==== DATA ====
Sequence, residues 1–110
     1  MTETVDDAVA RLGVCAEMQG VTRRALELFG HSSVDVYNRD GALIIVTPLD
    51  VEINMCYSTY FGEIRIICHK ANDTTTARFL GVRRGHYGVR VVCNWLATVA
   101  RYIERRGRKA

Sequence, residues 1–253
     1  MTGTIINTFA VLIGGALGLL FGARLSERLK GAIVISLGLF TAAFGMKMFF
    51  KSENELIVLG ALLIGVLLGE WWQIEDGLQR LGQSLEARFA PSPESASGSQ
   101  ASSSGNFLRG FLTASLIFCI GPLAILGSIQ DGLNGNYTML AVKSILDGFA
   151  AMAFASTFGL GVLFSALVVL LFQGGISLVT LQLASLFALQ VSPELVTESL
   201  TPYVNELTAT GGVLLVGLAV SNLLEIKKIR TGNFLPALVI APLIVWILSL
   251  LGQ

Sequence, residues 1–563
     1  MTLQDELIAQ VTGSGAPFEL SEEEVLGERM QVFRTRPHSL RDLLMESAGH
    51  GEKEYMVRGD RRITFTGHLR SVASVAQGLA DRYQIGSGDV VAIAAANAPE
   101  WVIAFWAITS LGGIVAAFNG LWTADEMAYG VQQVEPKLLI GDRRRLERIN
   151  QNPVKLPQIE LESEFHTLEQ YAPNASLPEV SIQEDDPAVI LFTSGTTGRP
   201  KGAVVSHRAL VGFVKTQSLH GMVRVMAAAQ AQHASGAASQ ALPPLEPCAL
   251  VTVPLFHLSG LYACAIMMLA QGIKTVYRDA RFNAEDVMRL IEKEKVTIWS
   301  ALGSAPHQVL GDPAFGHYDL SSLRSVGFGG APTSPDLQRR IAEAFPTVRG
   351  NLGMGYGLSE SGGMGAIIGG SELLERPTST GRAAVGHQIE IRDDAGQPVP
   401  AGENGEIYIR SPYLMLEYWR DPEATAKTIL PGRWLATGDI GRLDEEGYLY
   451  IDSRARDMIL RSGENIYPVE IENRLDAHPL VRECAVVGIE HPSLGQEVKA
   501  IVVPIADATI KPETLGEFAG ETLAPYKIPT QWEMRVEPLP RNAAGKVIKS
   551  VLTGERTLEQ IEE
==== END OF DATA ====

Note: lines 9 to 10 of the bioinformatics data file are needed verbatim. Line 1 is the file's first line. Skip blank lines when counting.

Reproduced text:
   151  AMAFASTFGL GVLFSALVVL LFQGGISLVT LQLASLFALQ VSPELVTESL
   201  TPYVNELTAT GGVLLVGLAV SNLLEIKKIR TGNFLPALVI APLIVWILSL